Run over while looking for food? Large numbers of living fossils dead

Run over while looking for food? Large numbers of living fossils dead

Anderson’s crocodile newt (family Salimandriae), provided by the Nago Museum

April 23, 2020 Ryukyu Shimpo

Northern Okinawa – In Nago, there are many cases of Anderson’s crocodile newts becoming roadkill. The Anderson’s crocodile newt (family Salimandriae) is nicknamed “the living fossil,” and is a natural monument designated by Okinawa prefecture. The Nago Museum released the following statement: “Some people are visiting northern Okinawa by car in order to avoid the 3Cs and the novel coronavirus, but please be careful when driving on roads near rivers.”

From the night of April 20 to the morning of the 21st, twelve of the newts died on a forest road that goes up to the peak of Nago Mountain. This was confirmed by a member of the Friends of Nago Museum. The breeding season of the Anderson’s crocodile newt begins in late March and goes through April. It is thought the newts may have come into the road to eat worms and were then hit by passing cars.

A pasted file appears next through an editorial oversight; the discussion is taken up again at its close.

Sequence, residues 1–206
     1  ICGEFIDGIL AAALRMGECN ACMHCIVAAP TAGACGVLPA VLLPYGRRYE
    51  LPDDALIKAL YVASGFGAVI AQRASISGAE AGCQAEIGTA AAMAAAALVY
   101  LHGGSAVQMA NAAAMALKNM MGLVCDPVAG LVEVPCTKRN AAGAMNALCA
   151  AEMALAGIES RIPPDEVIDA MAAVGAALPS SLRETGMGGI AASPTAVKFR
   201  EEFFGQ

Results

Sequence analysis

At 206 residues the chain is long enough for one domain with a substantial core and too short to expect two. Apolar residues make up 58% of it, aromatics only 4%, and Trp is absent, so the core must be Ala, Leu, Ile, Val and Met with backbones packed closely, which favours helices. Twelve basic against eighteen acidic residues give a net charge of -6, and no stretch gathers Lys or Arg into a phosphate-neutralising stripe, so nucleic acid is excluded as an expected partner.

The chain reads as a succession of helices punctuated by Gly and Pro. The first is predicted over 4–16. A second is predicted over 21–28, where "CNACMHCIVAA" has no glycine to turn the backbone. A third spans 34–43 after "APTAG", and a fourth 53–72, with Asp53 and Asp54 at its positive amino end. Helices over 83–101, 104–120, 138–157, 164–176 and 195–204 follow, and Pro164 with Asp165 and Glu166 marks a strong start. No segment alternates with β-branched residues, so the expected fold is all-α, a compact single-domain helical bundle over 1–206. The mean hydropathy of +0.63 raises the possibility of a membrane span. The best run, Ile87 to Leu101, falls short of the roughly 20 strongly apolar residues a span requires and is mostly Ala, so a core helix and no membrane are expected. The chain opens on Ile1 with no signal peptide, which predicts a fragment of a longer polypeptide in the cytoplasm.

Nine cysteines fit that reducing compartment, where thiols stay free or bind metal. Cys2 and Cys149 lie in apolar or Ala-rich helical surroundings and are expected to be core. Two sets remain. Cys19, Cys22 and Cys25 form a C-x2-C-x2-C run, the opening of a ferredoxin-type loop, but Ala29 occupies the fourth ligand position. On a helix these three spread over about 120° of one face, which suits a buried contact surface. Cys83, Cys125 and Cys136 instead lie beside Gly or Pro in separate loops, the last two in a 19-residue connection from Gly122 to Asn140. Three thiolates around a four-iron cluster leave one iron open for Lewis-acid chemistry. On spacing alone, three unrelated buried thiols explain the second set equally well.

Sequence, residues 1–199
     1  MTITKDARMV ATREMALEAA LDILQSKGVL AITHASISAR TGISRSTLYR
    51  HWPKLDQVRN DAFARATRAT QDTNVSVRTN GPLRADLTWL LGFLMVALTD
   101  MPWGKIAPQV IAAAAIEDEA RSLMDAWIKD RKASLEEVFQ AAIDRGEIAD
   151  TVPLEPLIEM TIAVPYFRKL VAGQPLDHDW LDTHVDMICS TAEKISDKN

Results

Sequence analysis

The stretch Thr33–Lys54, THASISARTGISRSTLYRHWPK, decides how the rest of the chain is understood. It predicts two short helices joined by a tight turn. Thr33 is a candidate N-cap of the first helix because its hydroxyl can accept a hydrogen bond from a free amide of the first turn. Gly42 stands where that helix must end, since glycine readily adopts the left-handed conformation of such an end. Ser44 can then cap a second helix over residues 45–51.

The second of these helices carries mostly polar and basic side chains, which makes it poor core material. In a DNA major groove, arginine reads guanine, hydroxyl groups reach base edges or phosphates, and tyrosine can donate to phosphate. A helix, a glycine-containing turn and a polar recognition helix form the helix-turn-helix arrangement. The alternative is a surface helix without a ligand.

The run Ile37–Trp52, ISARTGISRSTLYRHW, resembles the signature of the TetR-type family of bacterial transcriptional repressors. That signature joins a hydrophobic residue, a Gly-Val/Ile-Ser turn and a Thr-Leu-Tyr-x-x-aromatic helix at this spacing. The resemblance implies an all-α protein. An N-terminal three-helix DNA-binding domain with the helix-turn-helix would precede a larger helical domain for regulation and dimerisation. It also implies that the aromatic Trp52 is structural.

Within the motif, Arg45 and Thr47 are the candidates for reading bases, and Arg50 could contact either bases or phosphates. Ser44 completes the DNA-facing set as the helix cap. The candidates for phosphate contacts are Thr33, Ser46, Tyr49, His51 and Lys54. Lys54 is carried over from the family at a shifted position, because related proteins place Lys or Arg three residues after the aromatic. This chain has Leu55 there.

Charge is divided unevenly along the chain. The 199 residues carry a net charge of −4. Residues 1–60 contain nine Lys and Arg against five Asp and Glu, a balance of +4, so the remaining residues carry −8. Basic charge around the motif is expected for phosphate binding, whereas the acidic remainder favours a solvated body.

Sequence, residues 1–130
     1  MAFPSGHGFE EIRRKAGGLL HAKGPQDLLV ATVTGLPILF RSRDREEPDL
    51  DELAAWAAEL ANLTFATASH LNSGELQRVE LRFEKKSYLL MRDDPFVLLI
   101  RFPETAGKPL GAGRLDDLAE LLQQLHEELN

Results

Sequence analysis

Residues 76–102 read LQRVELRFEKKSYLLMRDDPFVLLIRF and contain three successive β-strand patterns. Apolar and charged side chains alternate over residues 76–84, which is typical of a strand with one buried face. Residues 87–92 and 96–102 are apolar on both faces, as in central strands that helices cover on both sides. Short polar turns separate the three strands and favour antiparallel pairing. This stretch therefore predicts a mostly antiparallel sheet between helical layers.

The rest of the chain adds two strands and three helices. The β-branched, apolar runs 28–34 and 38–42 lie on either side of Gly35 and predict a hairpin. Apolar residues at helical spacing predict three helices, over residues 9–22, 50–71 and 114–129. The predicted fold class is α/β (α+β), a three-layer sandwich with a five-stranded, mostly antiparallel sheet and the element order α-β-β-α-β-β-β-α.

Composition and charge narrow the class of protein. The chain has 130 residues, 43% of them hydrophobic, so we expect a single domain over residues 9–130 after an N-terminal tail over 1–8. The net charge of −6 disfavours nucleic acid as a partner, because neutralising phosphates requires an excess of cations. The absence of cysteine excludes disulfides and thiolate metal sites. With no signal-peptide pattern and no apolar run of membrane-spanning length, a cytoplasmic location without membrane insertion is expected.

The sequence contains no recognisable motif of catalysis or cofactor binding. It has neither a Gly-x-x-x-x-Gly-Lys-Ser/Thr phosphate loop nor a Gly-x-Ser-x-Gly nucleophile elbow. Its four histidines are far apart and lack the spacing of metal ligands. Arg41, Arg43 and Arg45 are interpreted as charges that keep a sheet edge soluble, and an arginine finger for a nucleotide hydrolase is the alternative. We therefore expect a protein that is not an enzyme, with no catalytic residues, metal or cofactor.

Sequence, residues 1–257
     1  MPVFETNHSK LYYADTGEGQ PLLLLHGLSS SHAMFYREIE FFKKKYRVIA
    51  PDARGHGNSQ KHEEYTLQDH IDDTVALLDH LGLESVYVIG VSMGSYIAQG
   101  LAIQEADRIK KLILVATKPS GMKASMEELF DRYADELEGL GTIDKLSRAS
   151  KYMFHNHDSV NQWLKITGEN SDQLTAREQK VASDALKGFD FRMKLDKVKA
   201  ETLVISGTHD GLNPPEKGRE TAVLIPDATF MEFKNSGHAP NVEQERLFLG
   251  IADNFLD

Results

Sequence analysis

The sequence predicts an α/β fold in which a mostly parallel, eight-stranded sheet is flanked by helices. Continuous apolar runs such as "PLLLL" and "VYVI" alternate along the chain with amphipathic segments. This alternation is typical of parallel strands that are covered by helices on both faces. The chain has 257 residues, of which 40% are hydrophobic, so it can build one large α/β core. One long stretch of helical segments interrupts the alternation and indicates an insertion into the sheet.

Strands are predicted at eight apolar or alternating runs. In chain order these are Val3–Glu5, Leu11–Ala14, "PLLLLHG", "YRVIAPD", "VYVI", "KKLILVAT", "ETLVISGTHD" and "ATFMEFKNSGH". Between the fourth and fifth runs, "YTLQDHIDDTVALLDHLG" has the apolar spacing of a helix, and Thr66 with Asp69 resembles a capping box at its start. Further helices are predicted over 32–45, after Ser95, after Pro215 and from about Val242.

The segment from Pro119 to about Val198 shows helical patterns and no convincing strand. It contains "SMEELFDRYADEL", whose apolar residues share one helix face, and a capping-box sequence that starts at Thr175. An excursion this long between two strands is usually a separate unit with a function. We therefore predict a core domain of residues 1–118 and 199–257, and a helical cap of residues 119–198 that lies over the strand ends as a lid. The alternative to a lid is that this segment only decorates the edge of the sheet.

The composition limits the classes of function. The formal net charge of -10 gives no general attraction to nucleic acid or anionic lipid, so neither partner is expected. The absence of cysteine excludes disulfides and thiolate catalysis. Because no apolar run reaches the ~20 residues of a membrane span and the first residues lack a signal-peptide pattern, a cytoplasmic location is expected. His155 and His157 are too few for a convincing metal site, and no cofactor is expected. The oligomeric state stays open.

The twelve Anderson’s crocodile newts thought to have been run over on a Nago Mountain forest road. (April 21, Nago Museum, Nago)

Naofumi Murata, curator of the Nago Museum, says, “these newts are largely extinct in the southern part of the island; they are a rare creature. If you see one, please lure it to the side of the road.” Hinako Miyazato says, “the Anderson’s crocodile newt species retains primitive characteristics and is designated as a national endangered species. I would like for every single one of us to be careful and reduce the number of newts that end up as roadkill.”

(English translation by T&CT and Ellen Huntley)

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